Attempting once again to get to the bottom of things, Pilate asked the question that he should have asked at the outset: what have You done? Unlike Jewish practice (see the discussion of 18:19 in the previous chapter of this volume), Roman legal procedure allowed the accused to be questioned in detail (Köstenberger, John, 527). Pilate understood that the Jewish leaders had handed Jesus over to him because of envy (Matt. 27:18). What he still did not understand was what Jesus had done to provoke such vehement hostility from them and what, if any, crime He had committed.
Since it was now clear that Pilate was merely repeating the charge of the Jewish leaders, Jesus answered his question. He was a king, but not a political ruler intent on challenging Rome’s rule. “My kingdom is not of (Greek ek; “out from the midst of”) this world,” He declared. Its source was not the world system, nor did Jesus derive His authority from any human source. As noted earlier, He had rejected the crowd’s attempt to crown Him king. He also passed up an opportunity to proclaim Himself king at the triumphal entry, when He rode into Jerusalem at the head of tens of thousands of frenzied hopefuls.
To reinforce His point, Jesus noted that if His kingdom were of this world, then His servants would be fighting so that He would not be handed over to the Jews. No earthly king would have allowed himself to have been captured so easily. But when one of His followers (Peter) attempted to defend Him, Jesus rebuked him. The messianic kingdom does not originate from human effort, but through the Son of Man’s conquering of sin in the lives of those who belong to His spiritual kingdom.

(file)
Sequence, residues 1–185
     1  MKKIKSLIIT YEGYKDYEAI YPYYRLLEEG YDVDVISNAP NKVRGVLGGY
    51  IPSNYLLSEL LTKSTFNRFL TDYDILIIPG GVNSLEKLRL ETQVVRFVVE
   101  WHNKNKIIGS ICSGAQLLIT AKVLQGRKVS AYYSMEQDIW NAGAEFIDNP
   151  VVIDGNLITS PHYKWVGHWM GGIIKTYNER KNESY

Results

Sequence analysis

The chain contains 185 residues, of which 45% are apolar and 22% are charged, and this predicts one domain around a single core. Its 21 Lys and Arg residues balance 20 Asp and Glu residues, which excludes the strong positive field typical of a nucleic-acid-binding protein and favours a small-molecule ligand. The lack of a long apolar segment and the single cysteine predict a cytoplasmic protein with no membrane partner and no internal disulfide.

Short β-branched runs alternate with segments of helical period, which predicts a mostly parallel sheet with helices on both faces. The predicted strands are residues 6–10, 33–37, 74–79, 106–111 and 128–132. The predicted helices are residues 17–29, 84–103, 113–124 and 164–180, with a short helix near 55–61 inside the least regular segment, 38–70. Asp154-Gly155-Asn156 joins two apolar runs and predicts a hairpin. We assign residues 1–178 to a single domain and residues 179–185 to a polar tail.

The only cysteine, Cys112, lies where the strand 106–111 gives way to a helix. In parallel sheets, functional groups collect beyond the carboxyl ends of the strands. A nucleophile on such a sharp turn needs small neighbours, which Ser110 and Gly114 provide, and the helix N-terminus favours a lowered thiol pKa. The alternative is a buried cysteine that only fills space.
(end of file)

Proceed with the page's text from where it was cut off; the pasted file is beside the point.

Christ’s kingdom is spiritually active in the world today, and one day He will return to physically reign on the earth in millennial glory (Rev. 11:15; 20:6). But until then His Kingdom exists in the hearts of believers, where He is undisputed King and sovereign Lord. He was absolutely no threat either to the national identity of Israel, or to the political and military identity of Rome.
That the Lord spoke of being handed over to the Jews is significant. Far from leading them in a revolt against Rome, Jesus spoke of the Jews (especially the leaders) as His enemies. He was a king, but since He disavowed the use of force and fighting, He was clearly no threat to Rome’s interests. The Lord’s statement rendered the Jews’ charge that He was a revolutionary bent on overthrowing Rome absurd.
Jesus’ description of His kingdom had left Pilate somewhat confused. If His kingdom was not an earthly one, then was Jesus really a king at all? Seeking to clarify the issue, Pilate said to Him, “So You are a king?” Jesus’ answer was clear and unambiguous: “You say correctly that I am a king.” The Lord boldly “testified the good confession before Pontius Pilate” (1 Tim. 6:13). Unlike earthly kings, however, Jesus was not crowned a king by any human agency. For this I have been born, He declared, and for this I have come into the world. Jesus had not only been born like all other human beings, but also had come into the world from another realm—heaven (cf. 3:13, 31; 6:33; 8:23; 17:5). Taken together, the two phrases are an unmistakable reference to the preexistence and incarnation of the Son of God.